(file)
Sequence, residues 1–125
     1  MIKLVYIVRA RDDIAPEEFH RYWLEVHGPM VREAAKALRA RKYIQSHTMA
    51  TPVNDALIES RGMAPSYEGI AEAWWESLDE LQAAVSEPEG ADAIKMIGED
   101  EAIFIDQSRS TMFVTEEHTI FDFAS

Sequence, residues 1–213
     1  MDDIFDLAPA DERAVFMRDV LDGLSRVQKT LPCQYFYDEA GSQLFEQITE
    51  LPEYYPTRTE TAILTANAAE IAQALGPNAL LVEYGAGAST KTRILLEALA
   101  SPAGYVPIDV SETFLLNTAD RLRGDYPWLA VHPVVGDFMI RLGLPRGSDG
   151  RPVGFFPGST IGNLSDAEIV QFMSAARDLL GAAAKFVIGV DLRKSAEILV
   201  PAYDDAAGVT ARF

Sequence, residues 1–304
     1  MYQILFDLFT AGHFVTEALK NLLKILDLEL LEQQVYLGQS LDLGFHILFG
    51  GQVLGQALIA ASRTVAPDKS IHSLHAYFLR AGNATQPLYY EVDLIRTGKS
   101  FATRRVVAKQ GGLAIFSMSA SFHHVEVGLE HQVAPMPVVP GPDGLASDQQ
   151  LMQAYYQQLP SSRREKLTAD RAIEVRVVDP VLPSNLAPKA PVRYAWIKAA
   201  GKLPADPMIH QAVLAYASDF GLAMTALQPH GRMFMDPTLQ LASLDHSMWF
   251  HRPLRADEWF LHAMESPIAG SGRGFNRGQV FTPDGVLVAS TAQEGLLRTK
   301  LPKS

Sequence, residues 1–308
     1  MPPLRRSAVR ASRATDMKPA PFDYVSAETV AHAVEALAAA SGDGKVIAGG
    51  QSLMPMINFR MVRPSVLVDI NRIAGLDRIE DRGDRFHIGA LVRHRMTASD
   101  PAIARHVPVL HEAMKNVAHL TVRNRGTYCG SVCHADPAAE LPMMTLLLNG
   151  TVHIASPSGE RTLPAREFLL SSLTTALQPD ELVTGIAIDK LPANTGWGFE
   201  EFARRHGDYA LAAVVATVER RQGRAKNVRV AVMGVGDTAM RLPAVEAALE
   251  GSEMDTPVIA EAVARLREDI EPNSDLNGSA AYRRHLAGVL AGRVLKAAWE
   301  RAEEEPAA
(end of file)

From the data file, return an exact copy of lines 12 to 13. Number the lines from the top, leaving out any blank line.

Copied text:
     1  MYQILFDLFT AGHFVTEALK NLLKILDLEL LEQQVYLGQS LDLGFHILFG
    51  GQVLGQALIA ASRTVAPDKS IHSLHAYFLR AGNATQPLYY EVDLIRTGKS